An eye-opening, myth-shattering examination of what makes us fat, from acclaimed science writer Gary Taubes.
In his New York Times best seller, Good Calories, Bad Calories, Taubes argued that our diet’s overemphasis on certain kinds of carbohydrates—not fats and not simply excess calories—has led directly to the obesity epidemic we face today. The result of thorough research, keen insight, and unassailable common sense, Good Calories, Bad Calories immediately stirred controversy and acclaim among academics, journalists, and writers alike. Michael Pollan heralded it as “a vitally important book, destined to change the way we think about food.”
Building upon this critical work in Good Calories, Bad Calories and presenting fresh evidence for his claim, Taubes now revisits the urgent question of what’s making us fat—and how we can change—in this exciting new book. Persuasive, straightforward, and practical, Why We Get Fat makes Taubes’s crucial argument newly accessible to a wider audience.
Taubes reveals the bad nutritional science of the last century, none more damaging or misguided than the “calories-in, calories-out” model of why we get fat, and the good science that has been ignored, especially regarding insulin’s regulation of our fat tissue. He also answers the most persistent questions: Why are some people thin and others fat? What roles do exercise and genetics play in our weight? What foods should we eat, and what foods should we avoid?
Packed with essential information and concluding with an easy-to-follow diet, Why We Get Fat is an invaluable key in our understanding of an international epidemic and a guide to what each of us can do about it.
©2010 Gary Taubes (P)2010 Random House
Nothing but meaningless inaccurately placed research to support a pretense that is inaccurate.
It offered me nothing of value, nothing real. Any common sense would tell you his research is inaccurate and his conclusions drawn from the research of others totally misses the mark. This seemed, to me, to be nothing but a re-boot of the Atkins diet revolution.
not be published.
not for me... sorry.
This is a great book, and I really enjoyed it, but he keeps referring to an appendix and some charts or attachments.... which are nowhere to be found. Am I missing something? Where are these files?
As ever, Gary Taubes makes a compelling case. This is a very interesting read. The narrator does a very good job of keeping complex material clear. I was very disappointed though that the appendices are missing as well as the photos, which could perhaps be available as a download.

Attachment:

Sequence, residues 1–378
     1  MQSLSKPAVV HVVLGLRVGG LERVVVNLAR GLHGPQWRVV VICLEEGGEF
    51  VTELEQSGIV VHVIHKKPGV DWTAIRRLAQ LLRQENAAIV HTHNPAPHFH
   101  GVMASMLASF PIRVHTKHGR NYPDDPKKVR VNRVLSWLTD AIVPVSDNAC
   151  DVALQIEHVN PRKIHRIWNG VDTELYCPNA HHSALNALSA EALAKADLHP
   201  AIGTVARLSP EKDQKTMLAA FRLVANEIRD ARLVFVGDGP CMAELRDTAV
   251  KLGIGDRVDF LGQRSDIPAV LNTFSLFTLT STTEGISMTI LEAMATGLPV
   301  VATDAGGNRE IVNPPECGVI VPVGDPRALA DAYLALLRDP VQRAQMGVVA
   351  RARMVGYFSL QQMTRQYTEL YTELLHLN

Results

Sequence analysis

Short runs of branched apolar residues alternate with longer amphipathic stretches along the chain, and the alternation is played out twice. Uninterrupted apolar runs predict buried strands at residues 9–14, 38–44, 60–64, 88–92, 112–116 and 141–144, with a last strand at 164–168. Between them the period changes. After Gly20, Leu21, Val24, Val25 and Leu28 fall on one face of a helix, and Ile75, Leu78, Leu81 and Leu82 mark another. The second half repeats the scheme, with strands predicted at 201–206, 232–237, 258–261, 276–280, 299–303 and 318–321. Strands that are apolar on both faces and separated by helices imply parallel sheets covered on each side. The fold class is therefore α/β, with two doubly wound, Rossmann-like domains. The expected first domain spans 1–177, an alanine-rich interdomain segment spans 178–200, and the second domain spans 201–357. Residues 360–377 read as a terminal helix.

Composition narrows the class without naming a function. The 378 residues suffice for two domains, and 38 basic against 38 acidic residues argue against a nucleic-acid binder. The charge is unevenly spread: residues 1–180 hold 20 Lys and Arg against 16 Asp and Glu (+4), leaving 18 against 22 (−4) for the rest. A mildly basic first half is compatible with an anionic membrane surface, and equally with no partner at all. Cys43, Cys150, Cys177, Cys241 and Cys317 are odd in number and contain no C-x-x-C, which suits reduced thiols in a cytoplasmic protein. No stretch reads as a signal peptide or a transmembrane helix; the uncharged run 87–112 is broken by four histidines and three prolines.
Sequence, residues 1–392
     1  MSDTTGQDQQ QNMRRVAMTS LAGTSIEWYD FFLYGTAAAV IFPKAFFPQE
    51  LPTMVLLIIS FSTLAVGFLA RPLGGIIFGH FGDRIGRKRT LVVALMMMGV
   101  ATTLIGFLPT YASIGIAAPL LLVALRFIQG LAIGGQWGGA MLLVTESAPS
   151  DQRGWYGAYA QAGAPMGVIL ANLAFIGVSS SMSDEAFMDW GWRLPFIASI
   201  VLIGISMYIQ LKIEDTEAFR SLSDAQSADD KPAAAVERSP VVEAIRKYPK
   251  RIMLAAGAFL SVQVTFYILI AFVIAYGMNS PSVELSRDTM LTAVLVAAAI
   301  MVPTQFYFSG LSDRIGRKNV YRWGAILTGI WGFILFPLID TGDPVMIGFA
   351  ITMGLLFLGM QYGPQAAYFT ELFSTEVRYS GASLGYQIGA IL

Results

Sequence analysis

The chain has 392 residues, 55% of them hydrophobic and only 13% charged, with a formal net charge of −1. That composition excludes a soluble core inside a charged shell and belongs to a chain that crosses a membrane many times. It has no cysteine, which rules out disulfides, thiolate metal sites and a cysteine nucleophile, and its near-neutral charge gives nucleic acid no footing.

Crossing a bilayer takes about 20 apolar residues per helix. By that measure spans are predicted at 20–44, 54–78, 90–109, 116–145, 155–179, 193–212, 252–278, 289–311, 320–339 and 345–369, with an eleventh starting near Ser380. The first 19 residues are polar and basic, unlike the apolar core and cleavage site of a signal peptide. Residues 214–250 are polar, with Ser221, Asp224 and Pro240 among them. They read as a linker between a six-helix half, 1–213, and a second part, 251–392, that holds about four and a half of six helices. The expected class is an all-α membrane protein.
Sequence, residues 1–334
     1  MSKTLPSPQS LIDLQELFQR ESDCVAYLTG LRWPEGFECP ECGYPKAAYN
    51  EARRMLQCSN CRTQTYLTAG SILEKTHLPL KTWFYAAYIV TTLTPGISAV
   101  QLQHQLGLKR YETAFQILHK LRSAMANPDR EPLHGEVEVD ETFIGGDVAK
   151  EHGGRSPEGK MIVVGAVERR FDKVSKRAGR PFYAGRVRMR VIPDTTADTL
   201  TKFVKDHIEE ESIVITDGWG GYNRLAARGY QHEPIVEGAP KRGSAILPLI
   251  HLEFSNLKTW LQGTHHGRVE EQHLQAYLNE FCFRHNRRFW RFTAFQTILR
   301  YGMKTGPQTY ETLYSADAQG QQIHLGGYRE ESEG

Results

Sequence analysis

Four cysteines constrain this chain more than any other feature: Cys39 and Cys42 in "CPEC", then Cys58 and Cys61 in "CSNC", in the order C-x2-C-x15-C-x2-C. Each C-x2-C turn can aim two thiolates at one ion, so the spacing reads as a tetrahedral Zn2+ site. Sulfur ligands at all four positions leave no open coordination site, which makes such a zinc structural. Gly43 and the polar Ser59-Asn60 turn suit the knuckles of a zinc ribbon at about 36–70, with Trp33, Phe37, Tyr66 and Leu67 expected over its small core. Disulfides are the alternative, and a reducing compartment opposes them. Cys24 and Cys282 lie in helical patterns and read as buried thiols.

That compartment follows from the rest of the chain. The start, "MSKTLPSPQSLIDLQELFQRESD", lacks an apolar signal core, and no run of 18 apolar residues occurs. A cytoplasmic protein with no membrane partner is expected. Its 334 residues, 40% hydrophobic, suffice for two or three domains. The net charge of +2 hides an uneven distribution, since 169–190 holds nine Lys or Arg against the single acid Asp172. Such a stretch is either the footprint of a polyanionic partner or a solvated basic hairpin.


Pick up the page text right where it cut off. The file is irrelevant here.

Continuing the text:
Good info but the PDF file with charts and appendix is missing. These are referred to throughout the book but sadly missing.
Nothing new ... the author advocates a low carb diet. Painful to listen to 20 hours of tedious narration for what has been covered many times and in much more compact form. This entire book could be summarized on a 3x5 card and has already been documented in many other books plus a wealth of info on the internet.
I will do more due diligence to make sure that a new title is not just another re-hashed topic.
Huge disappointment and mild anger at the author in duping so many people by writing two tedious books on a well worn subject, but masking them in a misleading title.
I just could not get into this book. I thought it was repeatative and pretty much common sense that we have heard our whole lives. I never finished it. Definitely would not recommend. Eat healthy and exercise. Best advice and you dont have to read the book.
Did not LIKE this book. It's too technical and the narration is not engaging and interesting. There was no aha moments. The story dives deep into history and science and it becomes too difficult to follow along. I'm sure there is some great info there however I think I'm more confused now than before. Basically you get fat if you eat wheat and sugar. And it explains why poor people are fatter than the rest of society! A bit disappointing!
Too boring but the content was boring too
The reader plainly does not follow the argument and is unsure which words to emphasize. Even worse, he substitutes the word "casual" for the word "causal" every single time. Otherwise, he's fine.
Essentially, this book contains about thirty minutes of content. For most of it, the author purports to refute the notion that weight loss occurs when we take in less calories than we use (which he calls "calories in, calories out"). After about two and a half hours of pretending to refute the statement, he flat out admits that its true (which of course it is). He then backs up to the much more reasonable position that "calories in, calories out" is not the only factor or even the most salient factor in explaining long term weight changes, since hormones affect our disposition and behavior. That point is interesting and has sparked me to look into things. Unfortunately, he spends about thirty minutes on describing how hormones work, and then goes back into nonsense. This stuff is like nails on a chalkboard to me. For example, one point that drives me absolutely nuts is his suggestion that logicians deal with causality. I can't get those hours back.